Education News

Tamil Nadu: Few takers

Newly sworn-in Union human resource development minister Kapil Sibal’s revolutionary proposal to make the class X board exam-inations history, and to replace the marks and percentages system in primary-secondary education with grades, has met with tepid response in Chennai, a city which prides itself on its quality K-12 education. Indeed the majority of academics — perhaps even most class X students — are against the proposal.

“If the class X board examination is made optional, government and aided schools catering to the poor and commercially-focused private schools will slacken their teaching efforts upto class XI. Class X board exams are necessary to assess learning outcomes of students at the end of ten years of schooling. Most well-managed schools put pressure on students to secure high percentages in class X boards to enable their admission into the best junior colleges. The solution for eliminating pre-board stress is to replace the percentage with a grades system, not abolishing the class X board exam. However, the HRD minister’s proposal to have a single school board in the country is a good idea as it will ensure syllabus and curriculum uniformity in all schools,” says S.S. Nathan, principal of the CBSE affiliated Bala Vidya Mandir, Chennai and CEO of the upcoming BVM Global Schools.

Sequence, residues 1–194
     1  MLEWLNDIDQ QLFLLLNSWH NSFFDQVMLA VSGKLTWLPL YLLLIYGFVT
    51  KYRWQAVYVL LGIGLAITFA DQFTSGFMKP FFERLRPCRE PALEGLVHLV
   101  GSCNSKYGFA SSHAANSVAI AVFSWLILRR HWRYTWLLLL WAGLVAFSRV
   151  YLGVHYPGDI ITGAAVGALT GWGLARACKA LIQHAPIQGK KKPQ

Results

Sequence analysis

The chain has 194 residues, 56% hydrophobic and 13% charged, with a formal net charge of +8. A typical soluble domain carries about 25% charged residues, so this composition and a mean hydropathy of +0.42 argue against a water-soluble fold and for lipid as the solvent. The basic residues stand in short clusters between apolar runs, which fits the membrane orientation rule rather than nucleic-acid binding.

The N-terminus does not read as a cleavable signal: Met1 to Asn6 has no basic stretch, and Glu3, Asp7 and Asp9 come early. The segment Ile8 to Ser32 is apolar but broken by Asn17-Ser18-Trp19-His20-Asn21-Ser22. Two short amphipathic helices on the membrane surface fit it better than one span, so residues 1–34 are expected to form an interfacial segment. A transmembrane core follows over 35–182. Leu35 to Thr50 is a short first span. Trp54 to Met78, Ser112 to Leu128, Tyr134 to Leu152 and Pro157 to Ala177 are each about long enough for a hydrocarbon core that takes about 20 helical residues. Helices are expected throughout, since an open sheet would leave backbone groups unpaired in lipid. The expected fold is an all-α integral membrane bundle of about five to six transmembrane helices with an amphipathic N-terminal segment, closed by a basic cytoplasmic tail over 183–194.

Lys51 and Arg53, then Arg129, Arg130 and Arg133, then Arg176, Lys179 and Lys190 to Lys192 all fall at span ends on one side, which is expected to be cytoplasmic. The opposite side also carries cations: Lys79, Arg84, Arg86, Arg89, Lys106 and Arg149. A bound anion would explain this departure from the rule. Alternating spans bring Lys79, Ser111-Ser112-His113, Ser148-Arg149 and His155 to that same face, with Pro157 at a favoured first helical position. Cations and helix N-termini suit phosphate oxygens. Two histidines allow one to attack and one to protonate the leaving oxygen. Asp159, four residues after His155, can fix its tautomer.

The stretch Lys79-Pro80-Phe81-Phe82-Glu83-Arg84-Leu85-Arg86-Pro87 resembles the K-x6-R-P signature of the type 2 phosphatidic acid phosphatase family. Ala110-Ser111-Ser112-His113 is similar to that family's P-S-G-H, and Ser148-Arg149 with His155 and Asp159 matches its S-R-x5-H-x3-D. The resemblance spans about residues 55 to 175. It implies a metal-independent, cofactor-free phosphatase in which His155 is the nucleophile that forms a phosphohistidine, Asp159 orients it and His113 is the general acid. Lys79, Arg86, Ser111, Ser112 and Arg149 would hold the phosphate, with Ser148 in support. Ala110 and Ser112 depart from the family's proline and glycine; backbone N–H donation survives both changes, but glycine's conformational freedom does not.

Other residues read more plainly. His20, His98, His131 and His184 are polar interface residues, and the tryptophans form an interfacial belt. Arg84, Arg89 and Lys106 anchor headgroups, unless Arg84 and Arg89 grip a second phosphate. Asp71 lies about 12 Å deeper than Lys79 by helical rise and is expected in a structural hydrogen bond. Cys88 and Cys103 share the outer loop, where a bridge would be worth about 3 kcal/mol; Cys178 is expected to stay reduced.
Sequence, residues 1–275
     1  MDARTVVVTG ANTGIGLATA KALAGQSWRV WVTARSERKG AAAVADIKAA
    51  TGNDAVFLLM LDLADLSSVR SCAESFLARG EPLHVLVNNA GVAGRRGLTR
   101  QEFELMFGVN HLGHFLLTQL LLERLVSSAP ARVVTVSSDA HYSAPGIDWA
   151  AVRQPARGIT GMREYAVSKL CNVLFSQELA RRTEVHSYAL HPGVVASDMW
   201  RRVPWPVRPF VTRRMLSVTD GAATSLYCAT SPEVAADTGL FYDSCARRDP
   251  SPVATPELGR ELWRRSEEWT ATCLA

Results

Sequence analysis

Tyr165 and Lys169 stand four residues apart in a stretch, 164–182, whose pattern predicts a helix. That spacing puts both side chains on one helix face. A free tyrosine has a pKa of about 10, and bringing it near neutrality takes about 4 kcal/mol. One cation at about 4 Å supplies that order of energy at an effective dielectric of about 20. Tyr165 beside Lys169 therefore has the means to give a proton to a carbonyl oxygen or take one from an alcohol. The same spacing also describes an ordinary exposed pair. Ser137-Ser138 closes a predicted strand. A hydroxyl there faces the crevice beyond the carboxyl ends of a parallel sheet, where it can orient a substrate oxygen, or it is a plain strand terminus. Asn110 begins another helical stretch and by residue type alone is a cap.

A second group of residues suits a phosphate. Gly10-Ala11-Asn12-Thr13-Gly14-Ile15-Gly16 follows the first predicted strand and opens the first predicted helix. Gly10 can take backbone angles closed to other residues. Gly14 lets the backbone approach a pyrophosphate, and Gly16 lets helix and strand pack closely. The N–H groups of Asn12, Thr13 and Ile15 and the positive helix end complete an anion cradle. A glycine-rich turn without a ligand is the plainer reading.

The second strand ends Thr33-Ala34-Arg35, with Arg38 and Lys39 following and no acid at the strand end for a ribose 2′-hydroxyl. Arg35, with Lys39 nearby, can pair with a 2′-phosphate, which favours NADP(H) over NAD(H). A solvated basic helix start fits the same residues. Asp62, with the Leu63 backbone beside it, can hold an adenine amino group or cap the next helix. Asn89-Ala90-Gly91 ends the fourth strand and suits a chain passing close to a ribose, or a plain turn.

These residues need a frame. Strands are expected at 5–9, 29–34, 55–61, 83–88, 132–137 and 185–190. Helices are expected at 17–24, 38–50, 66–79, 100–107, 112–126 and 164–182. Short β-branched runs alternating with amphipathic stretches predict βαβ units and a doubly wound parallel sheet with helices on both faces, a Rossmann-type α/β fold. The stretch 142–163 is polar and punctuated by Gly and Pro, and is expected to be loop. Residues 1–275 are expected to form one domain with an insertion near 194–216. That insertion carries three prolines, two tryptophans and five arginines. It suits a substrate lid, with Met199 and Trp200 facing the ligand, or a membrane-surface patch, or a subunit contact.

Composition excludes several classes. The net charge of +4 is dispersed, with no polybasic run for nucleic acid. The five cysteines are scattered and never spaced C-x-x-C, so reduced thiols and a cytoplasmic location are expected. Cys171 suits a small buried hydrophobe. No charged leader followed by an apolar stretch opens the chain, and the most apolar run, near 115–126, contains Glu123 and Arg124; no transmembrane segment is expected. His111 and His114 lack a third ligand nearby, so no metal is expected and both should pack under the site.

Educationists in this southern port city also point out that the enthusiastic new HRD minister’s anxiety to “de-stress” secondary school students while commen-dable, is being over-stretched. Not only does the class X public exam enable students to assess their own learning outcomes at an important stage of their lives, it is also pivotal to the system as it assesses them in different subjects and facilitates the selection of the right combination of subjects in arts, science and commerce at the Plus Two level, and later in college.

Moreover, since there are 41 school examination boards countrywide with differing evaluation standards and norms, the class X board examination ensures some standardisation. “Unless there is a common national curriculum and evaluation system for all schools, the class X exam should not be eliminated. Otherwise, it is difficult to assess competence of students moving for varied reasons, from one school to another after class X. If the government is serious about reforming the system, it should introduce standardised tests such as SAT or GRE which assess students’ problem solving and application skills, so that colleges can evaluate applicants on an equal footing,” says M. Vijayalakshmi, principal of the Alpha Matriculation Higher Secondary School, Chennai.

In response to the minister’s call, the Delhi-based Central Board of Secondary Education (CBSE), which in effect is a subsidiary of the HRD ministry, has been quick to direct its 9,000-plus affiliated schools to make the class X CBSE exam optional for their students. But even so it has diluted the directive restricting it to schools which offer Plus Two (classes XI and XII) education.

In Tamil Nadu where there are four state examination boards and only 200 CBSE schools, of which a mere 96 offer Plus Two higher secondary education, there are likely to be few takers for Sibal’s populist proposal to abolish the class X board exam. The consensus of opinion is that the only purpose it will serve is to double the stress of students when they write the class XII board exam.

Hemalatha Raghupathi (Chennai)